Believe it or not, I’m mostly a lurker in online forums. I read the hysteria of the day mostly for my own amusement. Sometimes I type a response but I almost always delete it. Interjecting facts into one of the daily hysterical rants would be about as welcome as a cat at a dog show. Usually I don’t even go that far. I just think there’s a lot of people online without much to do and go back to work.
That was my initial response when people started talking about light leaks in Sony A7r cameras. Let me think this through. If you shoot a 30 second exposure at ISO 25,000 into the sun or with a studio strobe aimed at the camera, you get a light leak. I do that … let me think … never. And this isn’t my first rodeo. I’ve noticed there are light leaks in lots of cameras if you look for them, and most of them were apparent without jumping through all the hoops it took to produce them on the A7r.
Judging from the various forums, however, at least a million people do that all the time and therefore this presented a huge problem to their style of photography. The amount of hysteria over leaking sunlight made me think I’d stumbled into the vampire.com forums. I wasn’t getting involved in that for love or money.
But Dave Etchells and the crew at Imaging Resource have shown in a series of articles that there probably are some real-world implications for some photographers. When Dave asked us to take a look and see if we could find causes and workarounds, we did just that.
The light leak has already been documented quite well by Imaging Resource, Ferrell McCollough, and others. We tried a couple of simple methods to determine where the light leak occurred and found something that seemed pretty accurate. We took the fiberoptic light sources from our microscopes and shined them at various points around the camera mount with either lens caps or lenses mounted.
We found at ISO 25,000 and 6 second exposures we could reproduce the leaks quite readily. More importantly, we could see the leaks varied depending upon which quadrant of the mount we shined the light on, with no leak from certain areas and spectacular leaks from others.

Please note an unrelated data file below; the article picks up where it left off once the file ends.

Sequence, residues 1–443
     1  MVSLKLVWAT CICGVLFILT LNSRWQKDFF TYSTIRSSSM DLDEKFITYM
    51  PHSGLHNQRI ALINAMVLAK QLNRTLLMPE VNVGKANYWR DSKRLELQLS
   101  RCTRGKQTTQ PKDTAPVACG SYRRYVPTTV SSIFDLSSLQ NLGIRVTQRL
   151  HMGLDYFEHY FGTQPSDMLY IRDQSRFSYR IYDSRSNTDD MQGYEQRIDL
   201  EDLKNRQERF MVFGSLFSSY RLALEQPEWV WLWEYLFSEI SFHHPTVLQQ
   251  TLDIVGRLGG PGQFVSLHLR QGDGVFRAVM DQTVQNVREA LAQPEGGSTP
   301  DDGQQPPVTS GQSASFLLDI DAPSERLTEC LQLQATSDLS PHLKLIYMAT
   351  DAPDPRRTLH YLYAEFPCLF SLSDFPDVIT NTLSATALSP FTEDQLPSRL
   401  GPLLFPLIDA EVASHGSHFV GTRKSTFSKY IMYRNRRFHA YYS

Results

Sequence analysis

Here’s what we found:
Taking the metal mount off of the lens gives us a bit more information. The red lines show the areas of greatest light leak. Obviously one is around the lens release button. There’s a gap under the mount at the top that may explain why that area has more of a leak. The lower left area doesn’t show any obvious explanation as to why it might be worse, though.
We went back to our test lights and placed the fiberoptic lights over the lens-release button and screened them from the rest of the camera to see if we could actually see the light leak in this area. We were a bit surprised to find there was almost a direct reflection down onto the sensor. This image isn’t the greatest, but you can clearly see the light that was shined onto the button (it’s behind the black mask at the top of the picture) is reflecting back off of the sensor assembly (violet and green bars).
Obviously putting a scrunchy around the lens mount, as Ferrell McCollough has suggested, helps a great deal. My thought, after looking at the front with the mount removed was that putting some optical black on the back of the mount might reduce reflections from the aluminum, so we tried that. Epic fail – it made no difference at all.
We assumed a weather-sealed lens, with a rubber gasket, would work well, too. But we don’t have any weather sealed FE lenses available. So Aaron decided to make a bit of weather sealing around the lens mount, using some single-side adhesive rubber material (electrical tape) we keep in our high-tech lab. A bit of time working under a magnifying loupe with a scalpel and forceps and he had made a nice weather seal.
Once it was placed back on the camera, lenses mounted nicely and the light leak from the top and left sides was almost totally gone. It didn’t do diddly squat about the light leak around the lens-release button, as we expected.
Here we were faced with a conundrum. We could completely disassemble the camera to get to the lens release mechanism and hope some obvious solution became apparent (this was Aaron’s initial vote). But about this time Officer Obie wandered into the repair area and made some ‘suggestions’ about us actually fixing some stuff that was awaiting repair. We told him, in two-part harmony, that we had been tasked with a Holy Quest and explained the ISO 25,000, shooting into the sun, 30-second exposures, fiberoptic light testing, and the special rubber lens-mount weather seal we’d made. He just said, “Kids, get back to work.”
So, instead of completely disassembling the camera, Aaron invented the ‘lens release button light seal’, again using some special flexible lightproof plasticized sealant patches (electrical tape) we had.
I wouldn’t call it elegant, but it worked just fine. There were absolutely no light leaks now and once we trimmed the tape back off of the lens, the release button worked fine through the tape.
Practically speaking, I don’t recommend making your own weather seal around the lens mount. It takes a while and you have to take off the front mounting plate so your warranty is voided, etc. A scrunchy or such will work just fine for those times when you just have to shoot at ISO 25,000 for 30 seconds, take long exposures facing the sun, etc. If the thing you use doesn’t cover the lens-release button, then a bit of electrical tape will handle that just fine, too.
And for you Fanboys who just can’t wait to Sony bash over this odd little issue, let he whose camera is without light leak cast the first stone. Because, so far the same problem has been found with Canon, Nikon, and Fuji cameras. I assume a similar solution will work just fine for those, too.
Roger Cicala and Aaron Closz, the boys from the Group W bench.
[via PetaPixel][via PetaPixel]